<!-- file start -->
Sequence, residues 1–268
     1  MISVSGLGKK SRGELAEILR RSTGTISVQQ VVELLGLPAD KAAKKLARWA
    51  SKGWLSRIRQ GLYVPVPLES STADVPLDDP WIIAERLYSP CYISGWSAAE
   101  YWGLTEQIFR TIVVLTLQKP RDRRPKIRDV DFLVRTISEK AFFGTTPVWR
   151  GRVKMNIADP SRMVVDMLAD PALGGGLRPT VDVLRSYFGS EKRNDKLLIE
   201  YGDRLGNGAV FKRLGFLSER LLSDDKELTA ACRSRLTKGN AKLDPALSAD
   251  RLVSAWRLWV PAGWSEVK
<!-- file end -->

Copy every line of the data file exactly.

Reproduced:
Sequence, residues 1–268
     1  MISVSGLGKK SRGELAEILR RSTGTISVQQ VVELLGLPAD KAAKKLARWA
    51  SKGWLSRIRQ GLYVPVPLES STADVPLDDP WIIAERLYSP CYISGWSAAE
   101  YWGLTEQIFR TIVVLTLQKP RDRRPKIRDV DFLVRTISEK AFFGTTPVWR
   151  GRVKMNIADP SRMVVDMLAD PALGGGLRPT VDVLRSYFGS EKRNDKLLIE
   201  YGDRLGNGAV FKRLGFLSER LLSDDKELTA ACRSRLTKGN AKLDPALSAD
   251  RLVSAWRLWV PAGWSEVK